Sun. May 29th, 2022

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‘Freeze-thaw’ battery can store energy for months in huge boost for renewables Breakthrough marks major step towards ‘seasonal battery solution’

Scientists have created a new type of molten “freeze-thaw” battery that can hold energy for several months without losing charge. The breakthrough could have major implications for the renewable energy sector, where electricity generation can fluctuate massively depending on the season. A team from the US Department of Energy’s Pacific Northwest National Laboratory (PNNL) described the long-duration grid battery in a paper published in the journal Cell Reports Physical Science. The study, titled ‘A freeze-thaw molten salt battery for seasonal storage’, explained how wind and solar power could be captured and stored for up to 12 weeks with minimal loss to storage capacity. Implementing the battery technology on large-scale renewable setups would mean that electricity grids would not require fossil fuels to cover shortfalls during months when energy production is low. “If any of seasonal excess can be efficiently stored, then it can be redistributed in times of need, thus further cementing the possibility of a reliable and sustainable grid based on 100 per cent renewables,” the paper stated.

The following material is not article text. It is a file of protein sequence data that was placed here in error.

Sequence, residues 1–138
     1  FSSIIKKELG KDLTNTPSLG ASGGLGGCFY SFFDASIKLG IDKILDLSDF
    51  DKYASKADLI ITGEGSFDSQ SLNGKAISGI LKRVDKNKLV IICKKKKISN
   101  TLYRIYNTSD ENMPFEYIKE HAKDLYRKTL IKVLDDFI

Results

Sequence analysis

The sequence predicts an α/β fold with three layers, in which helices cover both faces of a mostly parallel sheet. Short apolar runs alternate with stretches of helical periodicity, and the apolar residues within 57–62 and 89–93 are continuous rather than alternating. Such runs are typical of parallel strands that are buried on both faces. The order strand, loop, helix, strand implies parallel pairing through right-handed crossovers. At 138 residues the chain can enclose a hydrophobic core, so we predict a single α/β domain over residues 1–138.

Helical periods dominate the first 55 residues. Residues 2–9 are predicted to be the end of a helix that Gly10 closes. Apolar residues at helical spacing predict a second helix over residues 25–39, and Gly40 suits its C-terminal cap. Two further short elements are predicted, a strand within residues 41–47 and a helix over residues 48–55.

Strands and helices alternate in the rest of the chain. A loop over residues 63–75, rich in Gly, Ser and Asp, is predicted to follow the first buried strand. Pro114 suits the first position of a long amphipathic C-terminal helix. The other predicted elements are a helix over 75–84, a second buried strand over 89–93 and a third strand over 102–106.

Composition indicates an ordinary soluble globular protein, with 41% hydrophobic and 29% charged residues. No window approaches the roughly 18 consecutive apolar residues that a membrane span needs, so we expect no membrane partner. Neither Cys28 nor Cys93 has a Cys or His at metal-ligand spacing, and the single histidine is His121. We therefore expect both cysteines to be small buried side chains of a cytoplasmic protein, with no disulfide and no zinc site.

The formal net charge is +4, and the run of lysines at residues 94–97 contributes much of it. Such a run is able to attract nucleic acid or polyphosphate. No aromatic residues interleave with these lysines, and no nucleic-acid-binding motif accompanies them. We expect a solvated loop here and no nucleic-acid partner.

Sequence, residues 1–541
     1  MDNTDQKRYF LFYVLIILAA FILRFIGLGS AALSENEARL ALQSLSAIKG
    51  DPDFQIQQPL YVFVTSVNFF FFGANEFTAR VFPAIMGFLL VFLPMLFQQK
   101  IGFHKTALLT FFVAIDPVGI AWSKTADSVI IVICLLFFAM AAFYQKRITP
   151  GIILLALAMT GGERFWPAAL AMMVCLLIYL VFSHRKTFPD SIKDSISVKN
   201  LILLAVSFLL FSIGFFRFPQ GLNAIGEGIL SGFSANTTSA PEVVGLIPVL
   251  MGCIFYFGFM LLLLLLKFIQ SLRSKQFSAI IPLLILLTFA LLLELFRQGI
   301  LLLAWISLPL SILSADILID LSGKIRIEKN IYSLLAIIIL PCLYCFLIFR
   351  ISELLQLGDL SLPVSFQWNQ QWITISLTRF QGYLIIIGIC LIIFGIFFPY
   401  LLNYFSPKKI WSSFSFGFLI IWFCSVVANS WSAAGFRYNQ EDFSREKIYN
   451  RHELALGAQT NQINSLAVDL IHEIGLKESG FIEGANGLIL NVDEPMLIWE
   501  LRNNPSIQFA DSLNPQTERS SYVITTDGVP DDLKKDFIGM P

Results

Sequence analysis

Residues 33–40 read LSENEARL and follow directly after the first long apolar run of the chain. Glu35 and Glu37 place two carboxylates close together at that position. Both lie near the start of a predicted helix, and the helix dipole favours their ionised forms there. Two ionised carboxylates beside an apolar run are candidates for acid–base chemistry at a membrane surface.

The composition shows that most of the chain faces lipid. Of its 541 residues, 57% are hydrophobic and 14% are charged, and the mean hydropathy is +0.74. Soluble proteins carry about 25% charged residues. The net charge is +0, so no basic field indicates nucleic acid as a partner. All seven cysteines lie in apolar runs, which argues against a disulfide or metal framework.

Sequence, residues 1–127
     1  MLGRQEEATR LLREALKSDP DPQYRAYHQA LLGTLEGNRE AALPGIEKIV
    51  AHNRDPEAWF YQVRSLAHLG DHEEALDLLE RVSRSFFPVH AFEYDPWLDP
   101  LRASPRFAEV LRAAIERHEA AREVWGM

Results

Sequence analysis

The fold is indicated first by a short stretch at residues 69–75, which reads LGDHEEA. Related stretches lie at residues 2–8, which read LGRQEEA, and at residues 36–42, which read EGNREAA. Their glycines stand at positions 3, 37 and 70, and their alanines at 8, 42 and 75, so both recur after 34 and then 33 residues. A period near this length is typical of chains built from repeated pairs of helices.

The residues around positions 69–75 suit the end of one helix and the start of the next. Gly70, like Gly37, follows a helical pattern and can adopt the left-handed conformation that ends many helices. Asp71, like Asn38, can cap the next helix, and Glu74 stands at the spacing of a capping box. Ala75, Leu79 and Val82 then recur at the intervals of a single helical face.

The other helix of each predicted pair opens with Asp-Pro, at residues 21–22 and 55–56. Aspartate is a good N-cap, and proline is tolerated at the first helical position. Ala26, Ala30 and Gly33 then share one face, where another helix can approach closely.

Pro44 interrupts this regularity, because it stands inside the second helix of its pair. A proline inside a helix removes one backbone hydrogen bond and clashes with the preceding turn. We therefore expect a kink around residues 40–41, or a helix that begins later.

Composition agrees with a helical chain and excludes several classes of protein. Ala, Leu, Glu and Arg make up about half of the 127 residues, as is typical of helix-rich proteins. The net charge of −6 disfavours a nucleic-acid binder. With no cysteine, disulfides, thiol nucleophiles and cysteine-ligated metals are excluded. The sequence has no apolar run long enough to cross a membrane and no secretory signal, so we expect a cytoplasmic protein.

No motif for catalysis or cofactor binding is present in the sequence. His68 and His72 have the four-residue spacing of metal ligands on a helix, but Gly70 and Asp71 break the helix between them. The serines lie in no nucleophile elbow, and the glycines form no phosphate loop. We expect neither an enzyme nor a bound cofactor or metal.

The inability to store energy for a considerable length of time remains a fundamental issue with current battery technologies. Much like a car or laptop that sits idle for several weeks, the battery steadily self-discharges until it no longer holds enough charge to perform its function. “Longer-duration energy storage technologies are important for increasing the resilience of the grid when incorporating a large amount of renewable energy,” said Imre Gyuk, director of energy storage at the Department of Energy’s Office of Electricity. “This research marks an important step towards a seasonal battery solution that overcomes the self-discharge limitations of today’s battery technologies.” It works by heating up the battery to 180 degrees Celsius to charge it and then cooling it down to room temperature in order to essentially lock in the energy. When the energy is needed, the battery is then reheated to allow the energy to flow out. Researchers said the adoption of large-scale freeze-thaw molten salt batteries would also improve utilities’ ability to navigate power outages during severe weather events.

“It’s a lot like growing food in your garden in the spring, putting the extra in a container in your freezer, and then thawing it out for dinner in the winter,” said Minyuan Li, an inorganic chemist at PNNL and the first author of the research paper. The prototype of the battery is currently about the size of a hockey puck but a patent of the technology has been filed in order to further develop it at larger scales.

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